• Inspection conclusions;
  • On-site appraisal minutes;
  • Property evaluation and price appraisal results;
  • Written records of legal facts or acts that are formulated by functional persons (e.g. the minutes made and certified by the bailiff); and/or
  • Notarised/authenticated documents;

In addition, organisations, agencies and individuals can collect evidence by themselves by[1]: (i) collecting readable, audible or visible materials, electronic data, exhibits concerning the case; and/or (ii) identifying witnesses and obtaining their confirmations. Furthermore, Employers may collect evidence by requesting organisations, agencies and individuals to make copies of or provide relevant documents, and request the commune/ward people’s committees to authenticate the witnesses’ signatures. Particularly for the case where disputes are brought to the Court, agencies, organisations or individuals may request the Court to collect evidence and documents if they cannot do it; and may also request the Court to issue the decision on inspecting and valuating assets for the purpose of evidence collection. By performing the tasks mentioned above, agencies, organisations or individuals can verify and collect the valid evidence as listed.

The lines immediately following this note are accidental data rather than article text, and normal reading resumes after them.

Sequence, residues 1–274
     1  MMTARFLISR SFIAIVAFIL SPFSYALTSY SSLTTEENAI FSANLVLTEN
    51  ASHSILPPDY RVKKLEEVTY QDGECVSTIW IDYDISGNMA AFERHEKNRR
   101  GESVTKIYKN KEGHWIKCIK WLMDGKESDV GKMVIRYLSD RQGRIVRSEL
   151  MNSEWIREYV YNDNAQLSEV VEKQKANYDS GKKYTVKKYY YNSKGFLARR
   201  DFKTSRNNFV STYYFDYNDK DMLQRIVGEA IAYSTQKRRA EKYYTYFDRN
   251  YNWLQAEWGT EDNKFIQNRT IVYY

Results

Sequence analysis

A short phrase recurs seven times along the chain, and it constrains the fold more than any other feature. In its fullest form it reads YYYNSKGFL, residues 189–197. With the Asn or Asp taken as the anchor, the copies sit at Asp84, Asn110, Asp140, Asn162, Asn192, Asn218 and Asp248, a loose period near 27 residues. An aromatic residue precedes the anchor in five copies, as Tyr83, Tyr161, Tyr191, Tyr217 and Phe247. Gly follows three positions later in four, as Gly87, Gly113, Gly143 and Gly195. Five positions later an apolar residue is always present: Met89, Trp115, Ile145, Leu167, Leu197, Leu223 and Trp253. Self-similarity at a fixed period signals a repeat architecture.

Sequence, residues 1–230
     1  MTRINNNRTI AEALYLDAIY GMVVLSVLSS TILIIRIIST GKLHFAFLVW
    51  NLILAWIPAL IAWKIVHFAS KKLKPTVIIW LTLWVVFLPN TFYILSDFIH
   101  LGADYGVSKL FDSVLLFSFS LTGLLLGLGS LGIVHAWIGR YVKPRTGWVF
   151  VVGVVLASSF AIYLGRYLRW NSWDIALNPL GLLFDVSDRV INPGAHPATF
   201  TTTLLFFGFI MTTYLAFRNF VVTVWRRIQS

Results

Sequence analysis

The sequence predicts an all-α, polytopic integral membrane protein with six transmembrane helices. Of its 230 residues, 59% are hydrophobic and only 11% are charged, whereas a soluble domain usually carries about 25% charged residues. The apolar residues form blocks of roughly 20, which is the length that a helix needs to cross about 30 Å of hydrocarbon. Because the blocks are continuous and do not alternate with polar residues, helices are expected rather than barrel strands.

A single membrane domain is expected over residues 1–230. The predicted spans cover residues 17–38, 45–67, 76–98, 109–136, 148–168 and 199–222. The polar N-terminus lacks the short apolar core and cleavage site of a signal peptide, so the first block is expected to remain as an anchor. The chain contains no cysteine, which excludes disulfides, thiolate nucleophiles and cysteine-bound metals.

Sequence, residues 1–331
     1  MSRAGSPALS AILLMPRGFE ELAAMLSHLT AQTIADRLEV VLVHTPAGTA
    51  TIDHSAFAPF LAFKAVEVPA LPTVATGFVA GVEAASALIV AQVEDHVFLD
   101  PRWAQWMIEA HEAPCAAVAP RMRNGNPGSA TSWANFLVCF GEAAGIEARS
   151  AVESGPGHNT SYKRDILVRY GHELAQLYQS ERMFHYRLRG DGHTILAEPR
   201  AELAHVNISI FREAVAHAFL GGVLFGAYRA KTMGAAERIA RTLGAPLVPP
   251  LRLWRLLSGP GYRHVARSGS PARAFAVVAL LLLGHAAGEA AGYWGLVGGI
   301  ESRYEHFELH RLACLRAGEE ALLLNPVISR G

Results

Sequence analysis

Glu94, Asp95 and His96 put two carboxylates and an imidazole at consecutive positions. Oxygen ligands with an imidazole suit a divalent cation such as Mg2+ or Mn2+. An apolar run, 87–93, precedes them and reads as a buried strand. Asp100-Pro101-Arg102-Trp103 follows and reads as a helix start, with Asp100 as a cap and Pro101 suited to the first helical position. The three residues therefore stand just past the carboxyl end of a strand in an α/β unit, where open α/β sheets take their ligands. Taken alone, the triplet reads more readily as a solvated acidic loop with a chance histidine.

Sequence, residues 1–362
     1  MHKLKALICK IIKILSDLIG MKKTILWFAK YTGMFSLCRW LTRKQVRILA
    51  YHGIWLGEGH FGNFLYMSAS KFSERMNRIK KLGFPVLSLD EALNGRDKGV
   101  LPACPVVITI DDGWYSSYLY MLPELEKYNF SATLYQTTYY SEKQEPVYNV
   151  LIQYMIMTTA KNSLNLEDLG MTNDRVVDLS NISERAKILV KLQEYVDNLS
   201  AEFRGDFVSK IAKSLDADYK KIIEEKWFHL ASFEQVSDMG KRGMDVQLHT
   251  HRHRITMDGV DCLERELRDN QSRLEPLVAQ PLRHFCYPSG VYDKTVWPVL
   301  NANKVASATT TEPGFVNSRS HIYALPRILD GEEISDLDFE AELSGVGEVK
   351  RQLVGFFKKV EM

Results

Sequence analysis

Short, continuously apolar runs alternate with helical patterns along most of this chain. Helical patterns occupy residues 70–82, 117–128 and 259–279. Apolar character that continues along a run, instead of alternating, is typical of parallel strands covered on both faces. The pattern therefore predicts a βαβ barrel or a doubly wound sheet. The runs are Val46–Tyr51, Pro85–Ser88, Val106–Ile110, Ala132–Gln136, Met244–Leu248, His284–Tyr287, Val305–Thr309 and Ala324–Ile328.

As such, Employers may (or duly authorise a third party – the authorisation here will follow the general principles and meet the requirements of the civil law, and authorising the detective service in particular must take into account the issue of inviolable personal information as presented above) collect by themselves the evidence which are used for the purpose of considering and imposing disciplinary actions on Employees.In practice, Employers may work with the concerned Employees and/or the persons who have witnessed/known of the case and make minutes of these working sessions, or request these persons to prepare and submit written declarations regarding the case for the purpose of evidence collection. In addition, to strengthen the validity of the collected evidence, Employers should consider using the bailiff services. The bailiff will make minutes of the working sessions between Employers and the concerned Employees and/or document the fact that the concerned Employees and the persons who witnessed/knew of the case have submitted their declarations on the case to Employers as mentioned above.